Financial Advice New Zealand has revealed its new Chief Executive.
Katrina Shanks will lead the new association, commencing her role on 5 June 2018.
Financial Advice New Zealand Chair, Sue Brown, said most importantly, they searched for a CEO who could best deliver on the objectives of advocacy, promotion and standards.
“Katrina has a deep understanding of the legislative process and how to influence policy development, drawn from her experience as a two-term Member of Parliament,” said Brown.
“During that time, she chaired Select Committees and was a member of the Commerce Select Committee. And among many achievements during her four years as the CEO of the Funeral Directors Association, Katrina created unprecedented public awareness for the association and its members – constantly in the media talking with Kiwis about important issues and raising profile for members,” she said.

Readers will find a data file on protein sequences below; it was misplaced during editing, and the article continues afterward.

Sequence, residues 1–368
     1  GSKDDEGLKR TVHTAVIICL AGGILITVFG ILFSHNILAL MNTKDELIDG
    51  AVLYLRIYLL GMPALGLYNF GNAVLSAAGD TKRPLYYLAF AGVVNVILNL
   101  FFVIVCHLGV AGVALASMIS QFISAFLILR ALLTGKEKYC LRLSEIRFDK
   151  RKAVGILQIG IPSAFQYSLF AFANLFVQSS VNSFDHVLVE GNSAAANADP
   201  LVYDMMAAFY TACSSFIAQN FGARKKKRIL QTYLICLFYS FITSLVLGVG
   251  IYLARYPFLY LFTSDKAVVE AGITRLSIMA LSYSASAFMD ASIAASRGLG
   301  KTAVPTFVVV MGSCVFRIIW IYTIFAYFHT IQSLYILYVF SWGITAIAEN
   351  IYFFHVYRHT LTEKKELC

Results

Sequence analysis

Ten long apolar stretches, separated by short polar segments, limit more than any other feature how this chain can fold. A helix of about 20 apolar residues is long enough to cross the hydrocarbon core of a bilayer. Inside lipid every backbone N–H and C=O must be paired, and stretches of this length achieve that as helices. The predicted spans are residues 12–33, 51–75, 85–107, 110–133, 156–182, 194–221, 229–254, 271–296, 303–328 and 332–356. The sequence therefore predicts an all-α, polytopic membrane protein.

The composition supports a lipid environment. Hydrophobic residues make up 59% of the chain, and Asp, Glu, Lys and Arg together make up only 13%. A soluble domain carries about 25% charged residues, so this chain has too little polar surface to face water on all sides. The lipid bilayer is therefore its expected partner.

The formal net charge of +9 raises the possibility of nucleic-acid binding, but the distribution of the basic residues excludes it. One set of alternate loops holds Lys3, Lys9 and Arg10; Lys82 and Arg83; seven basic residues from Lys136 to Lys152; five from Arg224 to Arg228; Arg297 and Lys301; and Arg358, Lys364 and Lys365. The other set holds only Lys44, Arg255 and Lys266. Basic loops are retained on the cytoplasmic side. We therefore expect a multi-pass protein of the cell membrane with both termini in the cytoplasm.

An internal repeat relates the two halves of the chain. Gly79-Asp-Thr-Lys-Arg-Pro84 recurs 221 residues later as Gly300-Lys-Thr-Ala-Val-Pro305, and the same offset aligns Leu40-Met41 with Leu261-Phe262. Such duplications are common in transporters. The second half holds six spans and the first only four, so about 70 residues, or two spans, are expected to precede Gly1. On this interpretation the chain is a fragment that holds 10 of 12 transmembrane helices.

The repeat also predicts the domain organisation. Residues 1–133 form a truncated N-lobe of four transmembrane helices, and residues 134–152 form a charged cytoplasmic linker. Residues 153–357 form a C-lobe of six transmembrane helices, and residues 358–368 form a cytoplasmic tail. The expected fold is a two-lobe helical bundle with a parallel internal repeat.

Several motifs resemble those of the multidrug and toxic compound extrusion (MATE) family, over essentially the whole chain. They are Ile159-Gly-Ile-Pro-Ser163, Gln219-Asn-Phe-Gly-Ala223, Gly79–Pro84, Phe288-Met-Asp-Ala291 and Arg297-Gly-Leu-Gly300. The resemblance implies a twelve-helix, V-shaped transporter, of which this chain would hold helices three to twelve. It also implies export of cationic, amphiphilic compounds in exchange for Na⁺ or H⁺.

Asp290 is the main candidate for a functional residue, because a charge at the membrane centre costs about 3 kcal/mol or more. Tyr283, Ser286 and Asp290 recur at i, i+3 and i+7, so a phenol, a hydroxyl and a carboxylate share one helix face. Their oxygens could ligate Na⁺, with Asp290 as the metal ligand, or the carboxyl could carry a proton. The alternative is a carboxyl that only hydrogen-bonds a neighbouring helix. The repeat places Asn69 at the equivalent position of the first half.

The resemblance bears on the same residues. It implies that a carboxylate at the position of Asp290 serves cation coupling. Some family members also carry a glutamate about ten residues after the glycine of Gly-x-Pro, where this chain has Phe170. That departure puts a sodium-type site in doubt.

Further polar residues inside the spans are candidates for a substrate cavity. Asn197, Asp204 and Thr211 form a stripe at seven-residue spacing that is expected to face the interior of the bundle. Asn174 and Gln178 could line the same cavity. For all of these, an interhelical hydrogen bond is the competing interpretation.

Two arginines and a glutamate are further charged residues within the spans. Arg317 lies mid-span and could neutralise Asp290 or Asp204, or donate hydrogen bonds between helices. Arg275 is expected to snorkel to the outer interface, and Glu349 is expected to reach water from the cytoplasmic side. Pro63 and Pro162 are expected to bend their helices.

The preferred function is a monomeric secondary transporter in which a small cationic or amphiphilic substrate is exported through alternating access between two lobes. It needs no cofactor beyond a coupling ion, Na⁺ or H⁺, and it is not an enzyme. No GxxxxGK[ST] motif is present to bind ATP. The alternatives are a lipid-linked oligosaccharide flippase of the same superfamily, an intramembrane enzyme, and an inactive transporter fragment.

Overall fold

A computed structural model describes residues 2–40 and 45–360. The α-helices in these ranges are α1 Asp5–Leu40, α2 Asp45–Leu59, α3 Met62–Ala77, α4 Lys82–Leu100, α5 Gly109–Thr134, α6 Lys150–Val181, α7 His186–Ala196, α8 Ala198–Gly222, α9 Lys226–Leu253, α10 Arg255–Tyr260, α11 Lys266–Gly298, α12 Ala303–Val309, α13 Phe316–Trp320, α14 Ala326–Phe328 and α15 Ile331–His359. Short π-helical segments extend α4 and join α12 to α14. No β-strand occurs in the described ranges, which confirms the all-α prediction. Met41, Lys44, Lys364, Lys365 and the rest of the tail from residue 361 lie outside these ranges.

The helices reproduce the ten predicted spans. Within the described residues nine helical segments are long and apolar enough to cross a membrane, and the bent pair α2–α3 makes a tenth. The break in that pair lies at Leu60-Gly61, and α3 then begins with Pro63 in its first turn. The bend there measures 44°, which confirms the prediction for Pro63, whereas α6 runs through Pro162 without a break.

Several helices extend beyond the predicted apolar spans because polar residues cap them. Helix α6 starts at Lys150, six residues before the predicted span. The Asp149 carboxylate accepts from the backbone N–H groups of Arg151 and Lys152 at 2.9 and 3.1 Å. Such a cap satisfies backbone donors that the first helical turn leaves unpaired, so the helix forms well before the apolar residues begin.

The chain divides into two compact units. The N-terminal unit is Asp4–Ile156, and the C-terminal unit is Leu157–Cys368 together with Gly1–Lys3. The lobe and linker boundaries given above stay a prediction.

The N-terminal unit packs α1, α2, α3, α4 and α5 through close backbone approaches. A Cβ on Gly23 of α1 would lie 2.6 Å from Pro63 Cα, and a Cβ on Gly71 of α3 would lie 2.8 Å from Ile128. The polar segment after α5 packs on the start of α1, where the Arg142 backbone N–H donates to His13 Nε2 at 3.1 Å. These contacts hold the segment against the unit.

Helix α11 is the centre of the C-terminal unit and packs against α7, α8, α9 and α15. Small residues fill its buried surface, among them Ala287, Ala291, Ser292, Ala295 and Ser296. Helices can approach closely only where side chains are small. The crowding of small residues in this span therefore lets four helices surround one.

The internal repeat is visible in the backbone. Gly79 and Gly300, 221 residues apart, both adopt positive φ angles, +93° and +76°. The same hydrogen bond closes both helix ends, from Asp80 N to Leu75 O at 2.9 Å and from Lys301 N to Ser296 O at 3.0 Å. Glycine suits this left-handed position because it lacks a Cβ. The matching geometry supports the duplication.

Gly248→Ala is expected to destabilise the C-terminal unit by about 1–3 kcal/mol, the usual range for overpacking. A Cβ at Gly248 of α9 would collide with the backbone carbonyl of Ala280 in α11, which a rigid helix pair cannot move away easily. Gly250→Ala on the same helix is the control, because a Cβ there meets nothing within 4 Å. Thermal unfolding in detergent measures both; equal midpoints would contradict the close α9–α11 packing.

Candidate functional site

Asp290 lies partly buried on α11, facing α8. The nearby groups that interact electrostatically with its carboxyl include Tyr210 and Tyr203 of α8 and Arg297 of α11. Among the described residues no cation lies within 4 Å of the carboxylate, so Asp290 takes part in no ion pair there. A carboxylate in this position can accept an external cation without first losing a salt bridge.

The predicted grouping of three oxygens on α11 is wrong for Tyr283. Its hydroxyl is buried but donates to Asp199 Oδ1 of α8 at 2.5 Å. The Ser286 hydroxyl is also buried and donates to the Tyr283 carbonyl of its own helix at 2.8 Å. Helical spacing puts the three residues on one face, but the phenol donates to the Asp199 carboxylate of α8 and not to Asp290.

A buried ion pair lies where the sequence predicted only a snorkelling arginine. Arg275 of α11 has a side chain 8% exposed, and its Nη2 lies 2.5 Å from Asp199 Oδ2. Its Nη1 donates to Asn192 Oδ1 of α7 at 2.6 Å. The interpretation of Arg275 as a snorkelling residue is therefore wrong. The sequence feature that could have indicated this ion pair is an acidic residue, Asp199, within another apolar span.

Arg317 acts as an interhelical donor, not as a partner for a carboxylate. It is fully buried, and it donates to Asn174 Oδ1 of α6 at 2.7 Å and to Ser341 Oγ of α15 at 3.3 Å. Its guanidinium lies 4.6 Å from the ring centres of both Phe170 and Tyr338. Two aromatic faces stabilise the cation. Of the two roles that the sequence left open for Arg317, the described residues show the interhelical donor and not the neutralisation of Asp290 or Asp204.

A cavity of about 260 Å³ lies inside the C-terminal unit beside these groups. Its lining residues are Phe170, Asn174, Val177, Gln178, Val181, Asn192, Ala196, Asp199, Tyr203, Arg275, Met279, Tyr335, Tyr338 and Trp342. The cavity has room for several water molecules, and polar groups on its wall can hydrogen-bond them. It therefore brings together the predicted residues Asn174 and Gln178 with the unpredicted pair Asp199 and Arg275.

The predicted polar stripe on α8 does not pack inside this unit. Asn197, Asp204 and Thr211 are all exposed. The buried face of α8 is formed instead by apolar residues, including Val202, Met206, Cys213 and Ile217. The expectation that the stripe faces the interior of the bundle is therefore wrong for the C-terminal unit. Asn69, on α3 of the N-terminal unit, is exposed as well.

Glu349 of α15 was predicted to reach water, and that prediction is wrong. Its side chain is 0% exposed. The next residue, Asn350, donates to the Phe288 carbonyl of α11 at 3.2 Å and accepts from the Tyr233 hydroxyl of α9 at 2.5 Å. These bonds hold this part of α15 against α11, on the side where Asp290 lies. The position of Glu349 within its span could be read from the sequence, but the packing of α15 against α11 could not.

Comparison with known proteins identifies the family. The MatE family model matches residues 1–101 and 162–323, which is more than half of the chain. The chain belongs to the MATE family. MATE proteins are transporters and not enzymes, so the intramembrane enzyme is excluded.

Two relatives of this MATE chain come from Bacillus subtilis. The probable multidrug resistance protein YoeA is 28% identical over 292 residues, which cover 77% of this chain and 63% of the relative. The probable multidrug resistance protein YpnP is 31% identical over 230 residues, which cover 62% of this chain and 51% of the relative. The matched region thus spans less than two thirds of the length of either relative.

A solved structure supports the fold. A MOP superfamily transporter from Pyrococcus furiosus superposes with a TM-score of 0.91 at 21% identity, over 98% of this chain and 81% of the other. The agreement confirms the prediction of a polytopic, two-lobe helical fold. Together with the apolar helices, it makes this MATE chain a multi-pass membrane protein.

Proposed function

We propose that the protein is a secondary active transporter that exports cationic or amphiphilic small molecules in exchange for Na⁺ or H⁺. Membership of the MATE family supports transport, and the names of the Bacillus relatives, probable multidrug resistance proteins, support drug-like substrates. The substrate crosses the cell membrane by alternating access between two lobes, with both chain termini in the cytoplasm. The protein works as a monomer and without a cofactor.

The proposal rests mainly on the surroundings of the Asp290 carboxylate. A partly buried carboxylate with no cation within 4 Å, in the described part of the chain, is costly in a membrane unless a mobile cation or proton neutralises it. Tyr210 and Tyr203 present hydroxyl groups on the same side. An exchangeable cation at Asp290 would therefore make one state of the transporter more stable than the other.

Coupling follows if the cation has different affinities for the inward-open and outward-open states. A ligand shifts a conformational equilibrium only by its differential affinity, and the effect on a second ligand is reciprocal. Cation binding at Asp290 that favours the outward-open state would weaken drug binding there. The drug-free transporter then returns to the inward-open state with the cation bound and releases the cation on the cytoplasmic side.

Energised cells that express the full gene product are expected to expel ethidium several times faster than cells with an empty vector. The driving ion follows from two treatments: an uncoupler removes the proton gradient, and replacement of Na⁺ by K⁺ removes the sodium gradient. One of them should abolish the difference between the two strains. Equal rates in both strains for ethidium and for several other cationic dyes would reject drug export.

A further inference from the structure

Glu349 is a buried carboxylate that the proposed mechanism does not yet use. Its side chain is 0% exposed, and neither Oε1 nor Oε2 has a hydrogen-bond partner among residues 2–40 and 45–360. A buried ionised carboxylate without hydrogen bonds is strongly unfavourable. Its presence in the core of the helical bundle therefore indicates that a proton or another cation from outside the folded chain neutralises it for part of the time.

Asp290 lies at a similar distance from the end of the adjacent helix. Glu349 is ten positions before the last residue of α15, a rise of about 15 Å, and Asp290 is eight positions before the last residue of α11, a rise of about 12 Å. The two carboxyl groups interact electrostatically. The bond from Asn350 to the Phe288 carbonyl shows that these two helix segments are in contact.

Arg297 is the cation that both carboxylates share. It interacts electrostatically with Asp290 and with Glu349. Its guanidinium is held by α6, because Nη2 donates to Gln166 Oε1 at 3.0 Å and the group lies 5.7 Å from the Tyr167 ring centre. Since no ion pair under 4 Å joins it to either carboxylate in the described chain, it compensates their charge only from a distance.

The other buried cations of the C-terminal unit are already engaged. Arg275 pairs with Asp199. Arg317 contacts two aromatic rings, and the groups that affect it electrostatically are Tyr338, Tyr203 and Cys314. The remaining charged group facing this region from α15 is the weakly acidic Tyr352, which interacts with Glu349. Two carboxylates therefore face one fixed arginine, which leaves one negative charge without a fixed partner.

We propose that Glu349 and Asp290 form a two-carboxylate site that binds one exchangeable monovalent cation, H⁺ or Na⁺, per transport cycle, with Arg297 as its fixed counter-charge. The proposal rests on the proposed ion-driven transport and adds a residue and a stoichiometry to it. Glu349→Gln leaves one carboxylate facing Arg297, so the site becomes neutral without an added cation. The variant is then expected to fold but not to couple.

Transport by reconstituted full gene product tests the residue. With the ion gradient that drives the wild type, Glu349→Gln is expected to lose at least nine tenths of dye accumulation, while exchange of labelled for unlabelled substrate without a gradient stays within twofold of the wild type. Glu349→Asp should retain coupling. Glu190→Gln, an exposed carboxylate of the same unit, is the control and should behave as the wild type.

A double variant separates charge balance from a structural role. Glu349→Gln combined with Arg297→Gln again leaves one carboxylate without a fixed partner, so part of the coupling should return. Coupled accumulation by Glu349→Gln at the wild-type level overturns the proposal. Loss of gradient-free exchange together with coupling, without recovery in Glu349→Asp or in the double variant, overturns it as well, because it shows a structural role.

Shanks has spent much of her career in financial services, having been a chartered accountant and owning her own accountancy business for seven years.
Following that, she took up the position of Financial Controller for the National Party.
Brown said the CEOs of the founding bodies, Rod Severn and Fred Dodds, will continue working with Financial Advice New Zealand to facilitate and support the transition process.
“We’d like to take this opportunity to thank them for their invaluable contribution not only to the new association, but to the financial advice profession as a whole,” Brown said.
Commenting on her appointment, Shanks said the CEO role for the new body is a privilege.
“As the industry knows, advisers make a real and positive difference in the lives of Kiwis: Good advice creates financial well-being, and financial well-being creates freedom. And ultimately, this is what New Zealanders strive for,” she said.
“There has never been a greater opportunity to realise the true potential of financial advice for all New Zealanders. For me, that means putting my parliamentary, association-leadership and financial services expertise to work in advocating for our members; building public confidence and trust; raising the profile of advice and of our members; and of course creating a strong, unified voice for advice in regulatory change,” Shanks said.